Prior to forming the conductive structures 140 and 141, via 142 and 143, respectively, are formed completely through the wafer, such as by ion milling, etching, or the like, at positions directly underneath the respective conductive structures 140 and 141. The vias 142 and 143 are filled with a conductive material 144 and 145, respectively, using standard via-filling techniques, forming "plugs" extending from the top surface of the wafer to the bottom surface 109 thereof.
Electrical probes 146 and 147 (shown schematically) are brought into contact with the plugs 144 and 145, from the back side 109 of the wafer. These probes may simply be contact points embedded in a stage (not shown) supporting the wafer during polishing. The probes 146 and 147 are connected, via lines 148 and 149, respectively, to inputs of an apparatus 150 suited to measuring resistance, impedance, or the like.
In use, as polishing proceeds, the overlying layer 120 becomes progressively thinned and flattened. Eventually, the desired level 130 is reached, at which point it is desired to terminate polishing. Evidently, at this point (130) the conductive structures 140 and 141 have just become exposed (by definition). Hence, they suddenly become in contact with the polishing slurry (not shown), and with the polishing pad. (Prior to becoming exposed, the contact (conductive) structures would have been "insulated" from the polishing slurry by the overlying layer.)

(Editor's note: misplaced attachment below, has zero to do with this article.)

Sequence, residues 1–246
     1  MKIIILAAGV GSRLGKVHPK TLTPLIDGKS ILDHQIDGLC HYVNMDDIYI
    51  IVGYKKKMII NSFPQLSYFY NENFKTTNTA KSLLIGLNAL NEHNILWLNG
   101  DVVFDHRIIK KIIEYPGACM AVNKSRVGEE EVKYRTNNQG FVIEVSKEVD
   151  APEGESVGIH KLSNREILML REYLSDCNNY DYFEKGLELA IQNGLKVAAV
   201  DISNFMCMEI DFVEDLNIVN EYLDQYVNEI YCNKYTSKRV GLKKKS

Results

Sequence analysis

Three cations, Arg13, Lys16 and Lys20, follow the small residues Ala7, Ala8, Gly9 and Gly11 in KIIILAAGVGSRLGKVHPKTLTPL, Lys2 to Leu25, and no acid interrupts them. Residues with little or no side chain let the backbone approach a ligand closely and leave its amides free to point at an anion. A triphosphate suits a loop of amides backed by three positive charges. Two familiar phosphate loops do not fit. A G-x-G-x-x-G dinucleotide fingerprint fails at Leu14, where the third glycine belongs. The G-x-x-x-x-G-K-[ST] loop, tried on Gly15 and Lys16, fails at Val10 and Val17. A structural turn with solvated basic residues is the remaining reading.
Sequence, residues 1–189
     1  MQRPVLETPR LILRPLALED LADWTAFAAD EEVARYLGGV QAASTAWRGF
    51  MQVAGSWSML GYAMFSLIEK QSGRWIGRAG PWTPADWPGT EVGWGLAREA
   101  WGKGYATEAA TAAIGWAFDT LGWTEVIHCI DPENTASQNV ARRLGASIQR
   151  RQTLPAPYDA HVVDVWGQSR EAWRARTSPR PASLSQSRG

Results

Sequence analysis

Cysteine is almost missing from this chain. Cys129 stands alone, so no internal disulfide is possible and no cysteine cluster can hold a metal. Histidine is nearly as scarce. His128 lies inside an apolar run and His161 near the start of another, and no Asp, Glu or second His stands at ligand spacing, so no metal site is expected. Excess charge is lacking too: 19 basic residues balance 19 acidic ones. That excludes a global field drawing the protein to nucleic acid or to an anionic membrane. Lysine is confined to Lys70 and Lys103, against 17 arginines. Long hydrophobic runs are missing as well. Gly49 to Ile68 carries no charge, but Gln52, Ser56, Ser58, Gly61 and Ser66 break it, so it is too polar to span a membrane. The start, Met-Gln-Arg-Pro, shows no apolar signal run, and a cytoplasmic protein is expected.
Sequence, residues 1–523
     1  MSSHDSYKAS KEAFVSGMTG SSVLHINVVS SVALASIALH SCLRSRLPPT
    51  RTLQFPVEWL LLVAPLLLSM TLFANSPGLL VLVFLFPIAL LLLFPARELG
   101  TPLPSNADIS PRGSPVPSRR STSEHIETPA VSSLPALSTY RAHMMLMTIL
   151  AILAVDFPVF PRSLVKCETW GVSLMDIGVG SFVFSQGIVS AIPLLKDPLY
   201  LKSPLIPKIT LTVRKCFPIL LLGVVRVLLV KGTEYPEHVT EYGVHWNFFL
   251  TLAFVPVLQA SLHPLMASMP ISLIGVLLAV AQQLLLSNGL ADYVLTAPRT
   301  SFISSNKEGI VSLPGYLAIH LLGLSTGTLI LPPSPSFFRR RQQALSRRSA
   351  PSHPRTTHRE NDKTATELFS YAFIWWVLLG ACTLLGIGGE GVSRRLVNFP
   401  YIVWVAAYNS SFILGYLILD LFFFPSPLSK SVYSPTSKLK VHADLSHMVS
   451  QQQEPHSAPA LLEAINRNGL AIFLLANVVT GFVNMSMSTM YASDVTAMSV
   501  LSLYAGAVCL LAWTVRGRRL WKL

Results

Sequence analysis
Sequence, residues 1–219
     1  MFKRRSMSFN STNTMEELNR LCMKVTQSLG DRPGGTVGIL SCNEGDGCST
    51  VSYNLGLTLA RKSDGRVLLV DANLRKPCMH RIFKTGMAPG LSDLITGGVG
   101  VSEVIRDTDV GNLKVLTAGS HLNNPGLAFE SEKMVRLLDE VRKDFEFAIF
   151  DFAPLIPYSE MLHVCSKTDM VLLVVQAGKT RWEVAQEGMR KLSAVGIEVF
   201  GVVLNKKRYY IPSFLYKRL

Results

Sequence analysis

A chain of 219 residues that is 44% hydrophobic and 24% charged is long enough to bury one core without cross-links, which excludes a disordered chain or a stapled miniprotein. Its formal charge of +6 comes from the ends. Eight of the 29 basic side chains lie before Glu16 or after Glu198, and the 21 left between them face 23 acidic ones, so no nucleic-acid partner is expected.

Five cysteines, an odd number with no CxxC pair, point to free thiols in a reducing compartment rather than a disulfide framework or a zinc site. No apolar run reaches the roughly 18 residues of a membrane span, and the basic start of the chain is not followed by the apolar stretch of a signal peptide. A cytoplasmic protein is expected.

When the contact structures 140 and 141 become exposed to slurry, this will register as a change in the measured resistance/impedance on the measuring apparatus 150. Any suitable signalling means (not shown), such as a light or a polishing motor shutoff relay may be employed to terminate polishing.
It should be understood that the contact structures 140 and 141 need not be disposed directly on the top surface 108 of the wafer, but can also be located atop or within an overlying layer, so that the technique of detecting polishing endpoint of the present invention can be practiced at any desired stage of semiconductor fabrication.
It should also be understood that the vias 142 and 143 extending through the wafer may be "offset" from the locations of the conductive structures 140 and 141, and connected thereto by conductive lines or the like already formed or specifically formed on the wafer.
In the previous embodiment, two or more conductive structures were formed atop the wafer to become exposed at the endpoint of polishing, and vias were formed through the wafer to permit probing from the back side 109 of the wafer.
In another embodiment of the invention, vias through the wafer are not required.